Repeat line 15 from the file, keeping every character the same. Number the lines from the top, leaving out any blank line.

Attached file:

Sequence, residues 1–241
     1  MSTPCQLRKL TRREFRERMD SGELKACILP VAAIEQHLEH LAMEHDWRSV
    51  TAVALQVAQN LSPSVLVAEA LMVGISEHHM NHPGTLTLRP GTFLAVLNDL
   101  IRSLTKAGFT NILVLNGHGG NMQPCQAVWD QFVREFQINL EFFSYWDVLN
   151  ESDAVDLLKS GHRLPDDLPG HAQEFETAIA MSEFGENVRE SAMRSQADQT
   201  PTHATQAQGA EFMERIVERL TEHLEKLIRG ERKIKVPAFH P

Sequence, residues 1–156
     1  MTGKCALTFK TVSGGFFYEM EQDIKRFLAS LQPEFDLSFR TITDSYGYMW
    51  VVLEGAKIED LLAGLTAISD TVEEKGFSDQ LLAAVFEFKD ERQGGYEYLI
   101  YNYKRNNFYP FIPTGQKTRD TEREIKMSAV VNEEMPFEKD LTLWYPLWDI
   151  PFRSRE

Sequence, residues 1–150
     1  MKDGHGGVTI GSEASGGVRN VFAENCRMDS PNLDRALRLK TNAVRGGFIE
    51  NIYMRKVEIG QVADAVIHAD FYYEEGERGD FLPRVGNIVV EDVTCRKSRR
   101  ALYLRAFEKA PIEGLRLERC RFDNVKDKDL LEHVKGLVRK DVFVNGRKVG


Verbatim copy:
   101  ALYLRAFEKA PIEGLRLERC RFDNVKDKDL LEHVKGLVRK DVFVNGRKVG